Yes, we did. First of all we performed nomus in the name of my father-in-law, Muhammad Saeed. We constructed the building of D J School through this nomus, which took two years to complete. Muchi (religious chief) Muhammad Nayab was the architect of this building. The second nomus we performed in the name of my elder father-in-law, Daulat Baig. Through this nomus we built a bridge in Pamir, the bridge was washed away by the flood and twice we reconstructed the bridge. The third nomus was in the name of my father-in-law Abdullah, through this nomus we constructed part of Jamat khana (religious community centre of Ismaili Muslims) building. The fourth and the last nomus we performed recently. This nomus was in the name of both my mothers-in-law and my brother. Through this nomus we constructed an irrigation channel to irrigate Rech (barren land). We offered more than twenty goats, yaks and 6 maunds (1 maund=37.5 kg) of butter and many more things.

Would you please tell us in detail about the education of your children?
We did not make much effort for the education of our children. Our children acquired the education and reached this level on the strength of their own efforts. However, due to lack of financial support from our side, they could not complete their education. Though we had enough resources to support them but due to our joint family set up we could not spare many resources for them. We posses enough land, fruit trees and construction timbers but due to combined family system, we could not properly support our children.
More often I argue with my husband on this topic that at least we could have sold part of our land and timber to educate our children. Farman would not return to village because he and his wife have acquired good positions (job status) and are living a comfortable life, but for Abdullah (younger son) we didnít support financially in completing his education. Due to lack of resources, Abdullah could not complete his education. Moreover, we did not support Daulat Baig since he is in Karachi and Farman bears his educational expenses.

Did you experience any incident in your life, which caused sorrow and worries, if so what were those incidents.
I have had more happiness than sorrows in my life. The sorrows of my life were the death of my two children, a son and a daughter. My children who died were the same age of Ghulam Amin and Abbas. This was the sorrow I experienced in my life. The deaths of my father and mother-in-law were not so painful as they had lived quite long lives. The death of the younger brother of Wali Baig was distressing, as he was a young and very intelligent man. During the Mirís (rulers of Hunza state up to 1974) regime when Alam janab (an army officer; janab, Mr, sir) went to Pamir for boundary demarcation he took this young man with him to Pamir, there after he wanted to take him to Hunza, Karimabad. Therefore we made necessary arrangement for his visit to Hunza, we prepared bett and shushk (long shoes made of animal hide) etc. for him. He went with Alam but could not go beyond Ziarat, he fell ill and was brought back to the village, where he passed away after few days. This sudden death shocked the entire family.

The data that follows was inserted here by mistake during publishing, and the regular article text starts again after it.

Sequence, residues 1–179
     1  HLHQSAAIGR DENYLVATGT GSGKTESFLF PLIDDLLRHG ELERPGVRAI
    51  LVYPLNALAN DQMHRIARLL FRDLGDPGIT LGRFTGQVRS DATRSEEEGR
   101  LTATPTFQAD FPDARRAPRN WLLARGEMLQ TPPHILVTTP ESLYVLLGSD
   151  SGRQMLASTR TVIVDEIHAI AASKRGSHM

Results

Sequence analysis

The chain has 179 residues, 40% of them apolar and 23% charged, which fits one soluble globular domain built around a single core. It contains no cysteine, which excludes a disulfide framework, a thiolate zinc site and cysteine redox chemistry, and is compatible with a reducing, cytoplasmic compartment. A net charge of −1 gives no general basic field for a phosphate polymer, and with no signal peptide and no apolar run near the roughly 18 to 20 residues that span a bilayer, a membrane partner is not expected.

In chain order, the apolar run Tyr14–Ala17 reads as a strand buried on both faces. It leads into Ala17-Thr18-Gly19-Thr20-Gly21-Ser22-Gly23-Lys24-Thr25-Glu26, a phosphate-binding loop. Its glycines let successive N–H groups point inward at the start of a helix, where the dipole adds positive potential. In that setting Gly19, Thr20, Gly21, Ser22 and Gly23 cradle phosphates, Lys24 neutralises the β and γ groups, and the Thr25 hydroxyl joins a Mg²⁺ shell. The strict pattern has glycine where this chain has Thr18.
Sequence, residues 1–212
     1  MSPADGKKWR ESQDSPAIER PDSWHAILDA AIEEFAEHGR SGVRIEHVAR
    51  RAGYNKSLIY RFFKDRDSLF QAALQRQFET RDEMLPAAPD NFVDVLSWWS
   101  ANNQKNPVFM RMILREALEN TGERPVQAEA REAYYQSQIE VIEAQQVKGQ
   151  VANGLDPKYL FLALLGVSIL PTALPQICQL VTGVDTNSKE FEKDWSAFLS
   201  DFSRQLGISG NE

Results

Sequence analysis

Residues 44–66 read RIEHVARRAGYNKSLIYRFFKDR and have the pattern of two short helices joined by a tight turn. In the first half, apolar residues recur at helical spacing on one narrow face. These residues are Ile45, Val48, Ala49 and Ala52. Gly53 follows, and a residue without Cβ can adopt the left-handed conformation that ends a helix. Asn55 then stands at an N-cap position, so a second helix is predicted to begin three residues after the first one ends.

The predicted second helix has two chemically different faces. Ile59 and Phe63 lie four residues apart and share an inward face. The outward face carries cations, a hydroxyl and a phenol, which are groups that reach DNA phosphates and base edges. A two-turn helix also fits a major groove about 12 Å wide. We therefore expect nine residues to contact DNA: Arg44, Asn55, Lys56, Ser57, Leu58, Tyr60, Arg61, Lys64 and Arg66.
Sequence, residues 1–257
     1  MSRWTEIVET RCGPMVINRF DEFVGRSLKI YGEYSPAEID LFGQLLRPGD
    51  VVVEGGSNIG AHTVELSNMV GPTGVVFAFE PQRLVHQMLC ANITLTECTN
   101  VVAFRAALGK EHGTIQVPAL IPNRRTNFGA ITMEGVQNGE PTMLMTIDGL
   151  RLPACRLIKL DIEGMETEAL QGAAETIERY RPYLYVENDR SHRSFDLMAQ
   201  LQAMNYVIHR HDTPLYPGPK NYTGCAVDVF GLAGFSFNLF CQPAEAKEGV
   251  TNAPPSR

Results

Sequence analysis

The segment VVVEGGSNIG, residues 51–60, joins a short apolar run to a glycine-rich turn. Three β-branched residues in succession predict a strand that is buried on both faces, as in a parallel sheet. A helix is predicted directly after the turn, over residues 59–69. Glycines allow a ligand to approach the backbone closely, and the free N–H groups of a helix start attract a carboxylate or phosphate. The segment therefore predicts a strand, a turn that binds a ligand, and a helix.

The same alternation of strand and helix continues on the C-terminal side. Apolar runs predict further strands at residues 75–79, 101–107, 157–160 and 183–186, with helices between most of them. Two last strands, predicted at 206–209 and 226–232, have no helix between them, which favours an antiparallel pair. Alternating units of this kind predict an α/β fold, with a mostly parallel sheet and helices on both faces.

Section 8
What is the pleasant incident of your life?
Iíve had a lot of happiness in my life but the happiest moment of my life was the birth of my first child, my son. My two sons are married and they have children, which is a source of immense pleasure for me. By the grace of God I accomplished the responsibility of marriage of my children. It is the blessing of almighty Allah, that I am married in a well-off family and am living a happy life. When I was married in this family it was a joint family but I always respected my in-laws. I served them with zeal, in turn they blessed me with good wishes and prayed for my successful life. It is because of their blessings that today I am living a happy life. I never disobeyed my in-laws and my sisters-in-law never annoyed me, instead we would live in a respectful environment. Despite the large family size and difference of opinion, we never exchanged harsh words and my sisters never talked to me in a high tone. All this was due to the blessing of God and the respect and regard of my sisters for me and for each other.

Comments from the Interviewer
I also appreciate the politeness and the excellent management of Aunt. It is quite difficult to manage such a large family in todayís society where father and son cannot afford to live together. The understanding and the unity among the members of this family was exemplary. It was the excellent management of Aunt which turned the home into a heaven. I also advise my sisters and mothers (women of the village) to follow the footsteps of Aunt Qandoon and make their homes as a true heaven.